Women’s perceptions of safety after domestic violence: exploring experiences of a safety contact program

Tania Westwood, Sarah Wendt, Kate Seymour

Research output: Contribution to journalArticlepeer-review

5 Citations (Scopus)


This article explores women’s experiences of the women’s safety services associated with a South Australian integrated program for male perpetrators of domestic and family violence. As small scale and exploratory, the study aimed to understand impact of such services on women’s perceptions of safety. Interviews were conducted by telephone, using a semi-structured format, with 14 women
whose partners or ex-partners had been referred to a perpetrator intervention program. Informed by a feminist standpoint perspective, thematic analysis was used to explore each woman’s experience and perception of safety. The findings of the study suggest that integrated domestic and family violence programs can improve women’s feelings of safety through the application of practical safety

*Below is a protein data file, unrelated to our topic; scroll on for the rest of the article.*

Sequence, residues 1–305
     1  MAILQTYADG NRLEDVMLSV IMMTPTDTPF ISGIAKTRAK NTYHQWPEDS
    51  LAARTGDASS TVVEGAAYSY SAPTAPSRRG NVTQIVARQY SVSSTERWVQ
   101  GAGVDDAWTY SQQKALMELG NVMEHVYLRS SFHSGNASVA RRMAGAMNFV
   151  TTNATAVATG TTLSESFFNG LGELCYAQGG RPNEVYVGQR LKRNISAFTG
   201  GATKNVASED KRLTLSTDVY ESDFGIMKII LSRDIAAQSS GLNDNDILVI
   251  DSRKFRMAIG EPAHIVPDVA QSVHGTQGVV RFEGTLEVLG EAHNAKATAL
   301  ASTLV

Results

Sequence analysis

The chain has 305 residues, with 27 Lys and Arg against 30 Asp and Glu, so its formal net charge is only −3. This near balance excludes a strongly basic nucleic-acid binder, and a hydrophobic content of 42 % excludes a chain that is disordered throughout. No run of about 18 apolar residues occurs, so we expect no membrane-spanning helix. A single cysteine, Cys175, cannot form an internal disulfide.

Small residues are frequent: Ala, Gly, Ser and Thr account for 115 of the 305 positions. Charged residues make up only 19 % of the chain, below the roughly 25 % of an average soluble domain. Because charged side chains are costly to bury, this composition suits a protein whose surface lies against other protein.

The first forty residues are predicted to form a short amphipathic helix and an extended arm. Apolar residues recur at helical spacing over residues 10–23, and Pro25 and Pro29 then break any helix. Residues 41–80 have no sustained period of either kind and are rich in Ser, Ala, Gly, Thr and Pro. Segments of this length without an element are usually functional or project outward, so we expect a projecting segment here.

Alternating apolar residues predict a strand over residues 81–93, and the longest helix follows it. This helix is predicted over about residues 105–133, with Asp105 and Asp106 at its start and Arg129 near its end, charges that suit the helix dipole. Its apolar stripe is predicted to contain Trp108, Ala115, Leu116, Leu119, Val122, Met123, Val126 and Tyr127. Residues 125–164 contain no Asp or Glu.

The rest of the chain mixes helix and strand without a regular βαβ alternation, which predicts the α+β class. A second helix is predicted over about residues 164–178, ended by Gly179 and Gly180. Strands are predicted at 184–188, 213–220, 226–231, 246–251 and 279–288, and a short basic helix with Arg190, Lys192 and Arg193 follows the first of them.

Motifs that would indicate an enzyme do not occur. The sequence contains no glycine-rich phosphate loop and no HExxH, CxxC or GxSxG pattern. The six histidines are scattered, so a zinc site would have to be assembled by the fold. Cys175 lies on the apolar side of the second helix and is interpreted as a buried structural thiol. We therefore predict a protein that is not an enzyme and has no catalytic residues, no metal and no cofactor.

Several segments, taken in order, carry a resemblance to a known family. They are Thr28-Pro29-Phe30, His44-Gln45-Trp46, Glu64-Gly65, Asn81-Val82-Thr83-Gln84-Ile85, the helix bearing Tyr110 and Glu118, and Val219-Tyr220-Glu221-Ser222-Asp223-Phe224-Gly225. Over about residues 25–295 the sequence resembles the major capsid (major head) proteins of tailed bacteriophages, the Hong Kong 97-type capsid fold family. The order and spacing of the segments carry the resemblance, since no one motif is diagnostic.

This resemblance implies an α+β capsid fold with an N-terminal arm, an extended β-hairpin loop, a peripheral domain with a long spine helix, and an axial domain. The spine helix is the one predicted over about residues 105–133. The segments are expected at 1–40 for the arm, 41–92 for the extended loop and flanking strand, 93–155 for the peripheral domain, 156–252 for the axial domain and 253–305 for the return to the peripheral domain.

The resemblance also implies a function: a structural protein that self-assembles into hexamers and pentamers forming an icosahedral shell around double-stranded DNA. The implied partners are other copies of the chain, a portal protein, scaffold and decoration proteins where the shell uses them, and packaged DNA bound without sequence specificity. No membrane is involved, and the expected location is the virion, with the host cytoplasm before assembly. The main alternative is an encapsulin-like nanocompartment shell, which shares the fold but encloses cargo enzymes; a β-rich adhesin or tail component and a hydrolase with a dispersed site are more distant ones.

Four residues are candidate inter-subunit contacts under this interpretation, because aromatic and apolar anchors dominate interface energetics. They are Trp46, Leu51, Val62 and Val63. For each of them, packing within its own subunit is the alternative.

planning, timely intervention, emotional support, and trauma-focused practice. Importantly, while the behaviors and actions of perpetrators were clearly relevant to women’s perceived safety, it was apparent that focusing on women’s strengths and capacity for recovery can significantly impact on their continued sense of safety and well-being. This article also reiterates the importance of
women’s perspectives in evaluating the effectiveness of perpetrator interventions.
Original languageEnglish
Pages (from-to)260-273
Number of pages14
Issue number2
Early online date8 Sept 2019
Publication statusPublished - 1 May 2020


  • domestic violence
  • evaluation
  • fear
  • integrated practice
  • women's safety
  • women’s safety


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